Scenes From The Departed is an occasional feature that revisits a film from the career of the recently deceased to explore what it says about the artist’s life and work.
A talented and well-liked stand-up comedian who also dabbled in playwriting, painting, and essay-writing, and who died this past Saturday of liver cancer at the age of 57, Taylor Negron was far too quirky and offbeat to qualify for conventional leading-man roles. Negron trafficked in ambiguity of the ethnic, racial, and sexual variety. He was gay at a time when openly gay performers were much rarer, especially in stand-up comedy, and of Jewish, Iranian, Italian, and Puerto Rican descent, which helped explain his unique and offbeat appearance.
He broke into stand-up at the legendary Comedy Store while still a teenager, appeared on The Dating Game repeatedly, and worked as Lee Strasberg’s assistant at The Actor’s Studio before pursuing stand-up and acting full-time. Hollywood didn’t know what to do with a figure so singularly offbeat, so it largely relegated him to bit, supporting, and villainous roles.
He was a working actor, so his resumé was filled with the regrettable likes of Scream Of The Bikini, Super Capers: The Origins Of Ed And The Missing Bullion, and Surf School. But in 1991, his air of vaguely European menace and sexual androgyny made him perfect for the secondary villain role of Milo in the blockbuster The Last Boy Scout, where he is billed fifth, before even Halle Berry (though her character is murdered early on).
Negron’s Milo makes an indelible impression before his first on-screen appearance. It’s his sonorous yet sinister voice, soft but persistent, heard over the phone telling troubled football player Billy Cole (future Tae-Bo workout maven Billy Blanks) to score and win at any cost. Milo is consequently the catalyst for the film’s most remarkable setpiece, when Cole takes his advice way too literally and, high on PCP, pulls out a gun and shoots the opposing team when they try to tackle him before ultimately turning the gun on himself.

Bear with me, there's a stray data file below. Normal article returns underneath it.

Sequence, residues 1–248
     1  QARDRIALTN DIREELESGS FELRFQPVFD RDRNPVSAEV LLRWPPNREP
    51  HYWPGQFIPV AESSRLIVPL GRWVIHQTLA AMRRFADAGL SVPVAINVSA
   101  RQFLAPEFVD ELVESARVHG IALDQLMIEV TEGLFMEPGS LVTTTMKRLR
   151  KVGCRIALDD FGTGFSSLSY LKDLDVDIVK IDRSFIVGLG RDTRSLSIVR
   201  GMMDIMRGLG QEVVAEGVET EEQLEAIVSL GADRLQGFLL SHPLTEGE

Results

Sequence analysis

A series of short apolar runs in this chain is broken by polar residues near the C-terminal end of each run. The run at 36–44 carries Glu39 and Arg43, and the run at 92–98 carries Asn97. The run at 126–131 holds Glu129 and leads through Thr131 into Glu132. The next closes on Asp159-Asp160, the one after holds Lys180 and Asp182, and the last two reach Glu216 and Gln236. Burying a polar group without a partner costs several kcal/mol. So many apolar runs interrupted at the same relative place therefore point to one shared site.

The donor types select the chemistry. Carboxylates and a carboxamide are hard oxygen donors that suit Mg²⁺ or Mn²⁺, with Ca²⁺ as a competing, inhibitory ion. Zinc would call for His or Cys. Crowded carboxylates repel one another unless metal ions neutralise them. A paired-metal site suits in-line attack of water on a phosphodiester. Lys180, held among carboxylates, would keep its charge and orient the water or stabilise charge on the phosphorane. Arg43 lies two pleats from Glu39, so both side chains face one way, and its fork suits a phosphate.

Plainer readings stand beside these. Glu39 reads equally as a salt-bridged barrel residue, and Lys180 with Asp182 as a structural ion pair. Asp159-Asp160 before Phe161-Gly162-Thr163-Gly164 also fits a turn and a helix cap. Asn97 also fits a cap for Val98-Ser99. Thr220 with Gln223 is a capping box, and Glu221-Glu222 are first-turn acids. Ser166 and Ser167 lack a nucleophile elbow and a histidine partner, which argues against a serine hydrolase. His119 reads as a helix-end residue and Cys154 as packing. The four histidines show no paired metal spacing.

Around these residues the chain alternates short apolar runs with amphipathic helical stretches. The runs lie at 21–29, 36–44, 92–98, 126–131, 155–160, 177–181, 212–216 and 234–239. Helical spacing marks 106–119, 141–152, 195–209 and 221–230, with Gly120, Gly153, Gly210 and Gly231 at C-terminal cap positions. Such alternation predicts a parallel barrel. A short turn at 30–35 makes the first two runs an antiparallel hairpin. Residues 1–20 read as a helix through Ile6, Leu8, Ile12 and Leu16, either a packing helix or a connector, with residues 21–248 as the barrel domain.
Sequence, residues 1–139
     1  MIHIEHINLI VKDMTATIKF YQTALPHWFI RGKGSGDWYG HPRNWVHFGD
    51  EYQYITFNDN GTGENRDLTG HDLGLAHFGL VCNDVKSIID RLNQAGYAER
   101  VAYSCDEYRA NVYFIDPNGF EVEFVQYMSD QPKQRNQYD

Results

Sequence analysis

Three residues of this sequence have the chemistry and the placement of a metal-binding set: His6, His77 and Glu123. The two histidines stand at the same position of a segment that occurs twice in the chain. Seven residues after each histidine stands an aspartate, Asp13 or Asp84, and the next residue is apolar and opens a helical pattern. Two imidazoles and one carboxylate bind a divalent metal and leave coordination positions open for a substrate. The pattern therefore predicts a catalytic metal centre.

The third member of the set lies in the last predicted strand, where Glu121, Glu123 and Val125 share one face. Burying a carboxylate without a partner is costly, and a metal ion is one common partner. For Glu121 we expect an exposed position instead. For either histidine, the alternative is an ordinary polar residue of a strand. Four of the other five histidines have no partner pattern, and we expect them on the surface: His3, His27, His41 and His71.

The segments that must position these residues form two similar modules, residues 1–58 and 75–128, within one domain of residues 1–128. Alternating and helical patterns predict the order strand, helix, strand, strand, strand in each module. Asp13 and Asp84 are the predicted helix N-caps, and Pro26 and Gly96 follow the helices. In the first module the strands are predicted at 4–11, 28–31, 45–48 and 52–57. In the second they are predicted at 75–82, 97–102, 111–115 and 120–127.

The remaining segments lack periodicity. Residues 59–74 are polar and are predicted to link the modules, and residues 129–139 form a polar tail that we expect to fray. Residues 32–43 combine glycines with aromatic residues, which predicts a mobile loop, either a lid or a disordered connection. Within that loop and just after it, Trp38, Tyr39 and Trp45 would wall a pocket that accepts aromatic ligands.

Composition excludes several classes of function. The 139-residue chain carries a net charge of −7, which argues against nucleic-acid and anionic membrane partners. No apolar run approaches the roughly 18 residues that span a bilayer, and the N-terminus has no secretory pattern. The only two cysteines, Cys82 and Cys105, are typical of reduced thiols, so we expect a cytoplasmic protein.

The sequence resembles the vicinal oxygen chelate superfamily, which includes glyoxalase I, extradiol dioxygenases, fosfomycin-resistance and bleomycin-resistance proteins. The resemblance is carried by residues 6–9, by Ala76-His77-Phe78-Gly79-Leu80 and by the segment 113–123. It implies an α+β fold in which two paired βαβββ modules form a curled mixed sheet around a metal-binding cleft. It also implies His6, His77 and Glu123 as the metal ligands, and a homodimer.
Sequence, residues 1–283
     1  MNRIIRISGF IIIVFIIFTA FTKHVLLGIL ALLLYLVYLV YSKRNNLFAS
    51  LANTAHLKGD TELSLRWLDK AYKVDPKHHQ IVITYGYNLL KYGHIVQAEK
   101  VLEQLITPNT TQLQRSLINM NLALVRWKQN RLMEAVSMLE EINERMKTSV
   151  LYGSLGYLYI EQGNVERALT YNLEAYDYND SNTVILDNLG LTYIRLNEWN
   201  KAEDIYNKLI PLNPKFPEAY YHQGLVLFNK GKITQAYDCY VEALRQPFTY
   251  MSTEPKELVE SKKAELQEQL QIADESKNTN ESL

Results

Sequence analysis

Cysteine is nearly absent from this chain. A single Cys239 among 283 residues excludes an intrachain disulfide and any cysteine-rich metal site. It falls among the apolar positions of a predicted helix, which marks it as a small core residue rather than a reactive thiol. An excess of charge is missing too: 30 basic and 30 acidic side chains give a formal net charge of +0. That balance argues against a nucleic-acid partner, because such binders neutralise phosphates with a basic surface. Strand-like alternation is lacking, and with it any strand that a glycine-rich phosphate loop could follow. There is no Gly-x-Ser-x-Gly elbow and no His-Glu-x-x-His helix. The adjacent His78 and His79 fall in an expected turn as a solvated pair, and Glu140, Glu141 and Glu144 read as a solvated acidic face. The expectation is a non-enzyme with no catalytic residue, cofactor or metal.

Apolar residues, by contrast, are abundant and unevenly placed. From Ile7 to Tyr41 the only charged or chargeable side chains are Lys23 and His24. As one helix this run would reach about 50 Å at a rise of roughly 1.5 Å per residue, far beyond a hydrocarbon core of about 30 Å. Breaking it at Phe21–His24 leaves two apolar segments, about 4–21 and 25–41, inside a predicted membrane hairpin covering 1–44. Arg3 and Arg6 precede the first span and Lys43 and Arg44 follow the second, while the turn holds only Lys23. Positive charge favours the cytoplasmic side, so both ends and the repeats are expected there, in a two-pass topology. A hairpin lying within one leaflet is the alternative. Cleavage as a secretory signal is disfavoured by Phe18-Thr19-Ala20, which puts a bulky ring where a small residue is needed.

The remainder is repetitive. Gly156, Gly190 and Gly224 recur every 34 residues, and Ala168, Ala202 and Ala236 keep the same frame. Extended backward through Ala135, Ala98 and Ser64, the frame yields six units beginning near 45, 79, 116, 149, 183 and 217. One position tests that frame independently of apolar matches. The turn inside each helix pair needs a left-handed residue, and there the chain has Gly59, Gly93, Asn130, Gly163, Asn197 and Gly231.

Milo doesn’t appear onscreen for another hour, but at that point, his presence dominates the film. He’s a henchman who prides himself both on his high-end clothing and on his good manners; he makes a point of calling Bruce Willis’ scuzzy secret-service man Joe “Joseph.” He’s also a wiz at delivering Shane Black’s hard-boiled dialogue with tossed-off nonchalance. For example, when a cop pulls him over and asks if there’s a problem, Milo matter-of-factly deadpans, “Yes. There is a problem. Apparently there are too many bullets in this gun,” before eliminating that problem by depositing those bullets into the cop’s body.
It’s obvious the filmmakers loved what Negron brought to the role, because he’s at the center of seemingly all of the third-act action. After his car plummets off a cliff, Joe makes a special point of firing bullet after bullet into the car to ensure that Milo is finally dead, but a scene or two later, Milo has roared back to life and is preparing for his ultimate duty of killing Senator Calvin Baynard (Chelcie Ross) from a sniper’s nest high in the lights of the football field where a game is being played.
This leads to the film’s second most impressive, and most impressively ridiculous, setpiece: Jimmy Dix (Damon Wayans), a disgraced football player out to clear his name, mounts a horse and, with pinpoint accuracy, hurls a football that stops Milo’s bullets from reaching their intended target. But the film isn’t quite through with Milo yet. No, a bad guy this formidable deserves a public and exceedingly gruesome death, so after Joe (or Joseph, as he is more formally known), pumps even more bullets into Milo, Milo then plummets to his doom, only to be intercepted by the whirring blades of a helicopter that chop and dice his body like a giant hunk of meat inside a blender.
Yet I suspect that if The Last Boy Scout were to have a sequel, they would have somehow found a way to bring Negron back, either by having him play his identical twin brother or folding him into some flashbacks. Truth be told, Negron deserved a richer and more dimensional cinematic showcase, but he took a henchman role here and made it something memorable and distinctive. He was one of those guys who enlivened every part he played, no matter how small or secondary, and it’s a shame he didn’t have more of an opportunity to showcase the full extent of his off-kilter talent in lead roles—or at least supporting parts that didn’t focus largely, if not exclusively, on his sexual and racial ambiguity and quiet air of silky menace.